The importance of good composition

Mechner also came to the conclusion that music makes the act of playing a video game more exciting. Without much in the way of musical inclination himself, Mechner’s dad agreed to compose the soundtrack to Karateka.

Eventually, as development wrapped up, Mechner wrote letters to Broderbund and Electronic Arts. The latter never replied, but Broderbund sent a letter inviting Mechner to their development studio in California, which Mechner attended during his summer break. During this visit, he worked with Gene Portwood (a former animator at Disney) and Lauren Elliott, whom Mechner described as “game creators who didn’t program, making them essentially the first game designers.”

Portwood and Elliott helped Mechner refine aspects of Karateka in what was called “The Rubber Room”, including adding a panther enemy that was eventually cut—which Mechner likened to the Sand Griffin from Prince of Persia: Sands of Time, which was cut for similar time reasons—and overall tuning of the game. Mechner relayed how the developers told him stories about how the golden age of video games was already over in the early 1980s and that the industry was entirely about the money now.

At one point, Mechner approached his boss at Broderbund to try and sell him on a joke.

“So there was this thing called the lookup table, which essentially pinpointed where a pixel was supposed to be. And they showed me how to invert the lookup table, which if you did that, would make the game upside down. I took this to my boss at Broderbund and argued that we should print this inverted version on Side-B of the disk, which companies didn’t like to do, because you would have to have someone physically flip the disk over on the assembly line and print on the other side. I said, wouldn’t it be funny if people put the disk in upside down and got an upside down version of Karateka? And then they would call customer service, and customer service would say ‘Have you tried flipping the disk around, sir?’ and they would try it and go ‘Oh, okay,’ and then think that’s how software works. And somehow, he agreed to do it!”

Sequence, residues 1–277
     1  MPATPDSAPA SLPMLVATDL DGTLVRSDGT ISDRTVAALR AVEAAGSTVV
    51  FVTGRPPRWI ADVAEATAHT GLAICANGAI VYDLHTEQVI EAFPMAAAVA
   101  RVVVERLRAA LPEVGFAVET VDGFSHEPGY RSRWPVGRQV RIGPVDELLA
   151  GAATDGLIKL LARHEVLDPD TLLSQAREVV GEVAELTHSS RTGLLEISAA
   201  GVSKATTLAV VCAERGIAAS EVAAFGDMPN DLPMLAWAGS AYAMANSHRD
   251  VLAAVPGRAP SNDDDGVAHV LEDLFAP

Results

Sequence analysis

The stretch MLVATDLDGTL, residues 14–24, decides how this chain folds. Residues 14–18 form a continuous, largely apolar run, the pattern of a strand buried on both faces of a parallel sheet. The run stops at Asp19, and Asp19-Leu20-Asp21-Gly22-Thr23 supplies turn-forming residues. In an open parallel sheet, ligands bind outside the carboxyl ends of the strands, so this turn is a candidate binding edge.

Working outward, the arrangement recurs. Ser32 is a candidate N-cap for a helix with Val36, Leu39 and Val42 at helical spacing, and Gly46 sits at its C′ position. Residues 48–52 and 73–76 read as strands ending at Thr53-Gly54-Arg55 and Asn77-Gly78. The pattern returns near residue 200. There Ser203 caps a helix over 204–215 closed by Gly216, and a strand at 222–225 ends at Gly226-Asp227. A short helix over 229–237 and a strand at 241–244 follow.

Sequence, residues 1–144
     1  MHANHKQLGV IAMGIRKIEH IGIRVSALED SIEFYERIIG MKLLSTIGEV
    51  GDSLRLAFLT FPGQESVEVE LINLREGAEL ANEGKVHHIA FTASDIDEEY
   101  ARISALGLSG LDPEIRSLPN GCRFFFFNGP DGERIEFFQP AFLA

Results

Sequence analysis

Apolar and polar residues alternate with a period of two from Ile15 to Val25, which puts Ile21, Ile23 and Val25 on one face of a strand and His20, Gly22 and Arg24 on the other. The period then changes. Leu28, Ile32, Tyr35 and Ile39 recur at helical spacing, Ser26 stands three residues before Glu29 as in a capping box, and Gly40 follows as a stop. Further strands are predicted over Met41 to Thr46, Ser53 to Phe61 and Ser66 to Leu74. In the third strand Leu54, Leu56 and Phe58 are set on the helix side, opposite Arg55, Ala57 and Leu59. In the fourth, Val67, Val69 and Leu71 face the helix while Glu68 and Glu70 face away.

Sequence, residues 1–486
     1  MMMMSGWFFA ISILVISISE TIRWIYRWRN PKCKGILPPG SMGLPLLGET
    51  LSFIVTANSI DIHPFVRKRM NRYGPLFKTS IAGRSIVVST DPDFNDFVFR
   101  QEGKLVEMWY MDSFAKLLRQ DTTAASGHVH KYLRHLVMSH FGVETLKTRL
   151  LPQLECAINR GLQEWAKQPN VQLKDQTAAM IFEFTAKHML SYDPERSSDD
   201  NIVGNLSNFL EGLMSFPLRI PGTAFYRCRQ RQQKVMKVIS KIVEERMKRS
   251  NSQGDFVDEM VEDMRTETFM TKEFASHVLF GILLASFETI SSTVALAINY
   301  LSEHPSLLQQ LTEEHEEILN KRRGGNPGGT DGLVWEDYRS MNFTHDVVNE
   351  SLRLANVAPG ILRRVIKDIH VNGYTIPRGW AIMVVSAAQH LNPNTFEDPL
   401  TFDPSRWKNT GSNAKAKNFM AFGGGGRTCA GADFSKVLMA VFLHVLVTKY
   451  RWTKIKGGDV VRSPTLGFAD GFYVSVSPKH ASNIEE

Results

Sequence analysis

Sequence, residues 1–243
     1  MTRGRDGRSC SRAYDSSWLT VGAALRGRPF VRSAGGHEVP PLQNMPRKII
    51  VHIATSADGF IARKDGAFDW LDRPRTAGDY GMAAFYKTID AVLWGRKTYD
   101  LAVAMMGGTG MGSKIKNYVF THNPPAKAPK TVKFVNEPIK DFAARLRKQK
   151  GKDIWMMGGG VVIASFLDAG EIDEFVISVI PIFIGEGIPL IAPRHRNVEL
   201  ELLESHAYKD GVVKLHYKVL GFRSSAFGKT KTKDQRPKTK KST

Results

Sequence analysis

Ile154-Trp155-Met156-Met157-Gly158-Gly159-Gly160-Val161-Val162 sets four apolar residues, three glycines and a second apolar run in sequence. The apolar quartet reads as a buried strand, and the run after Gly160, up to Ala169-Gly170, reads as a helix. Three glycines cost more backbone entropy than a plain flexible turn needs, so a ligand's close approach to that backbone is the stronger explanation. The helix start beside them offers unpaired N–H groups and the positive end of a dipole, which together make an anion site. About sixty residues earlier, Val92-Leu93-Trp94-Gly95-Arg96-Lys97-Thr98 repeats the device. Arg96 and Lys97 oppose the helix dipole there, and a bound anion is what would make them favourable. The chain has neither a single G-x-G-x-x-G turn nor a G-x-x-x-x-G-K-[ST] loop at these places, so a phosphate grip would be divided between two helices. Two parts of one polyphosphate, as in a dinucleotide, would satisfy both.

Much to the surprise of everyone at Broderbund, who expected he would drop out of school and remain at the studio, Mechner returned to college after the summer was over. The game came out in time for Christmas, but was off to a slow sales start and didn’t look like it would be picking up steam anytime soon.

Despite that, Mechner received a piece of fan mail from a seventeen-year-old John Romero, who loved the game and asked a number of technical questions. Mechner, to his knowledge, wrote back with appreciative words. Decades later, Romero mentioned to Mechner in an elevator at GDC that he had written to him and Mechner went home and managed to find the letter.

In April 1985, the Billboard charts had started reporting on software sales and Mechner received a notice from Broderbund to take a look at that month’s listing. He concluded the talk by showing the Billboard chart with Karateka somehow topping the list, launching his storied career for decades afterward.

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About the Author(s)

Imran Khan

Featured Contributor

Imran Khan has been in the games industry in various forms for over two decades. He has been a former senior editor at Game Informer, a professional loudmouth at Kinda Funny, and news director at Fanbyte. He has also been doing PR for Vicarious PR and Head of U.S. PR for Japanese VR studio MyDearest, in addition to Producer work on their latest title Brazen Blaze.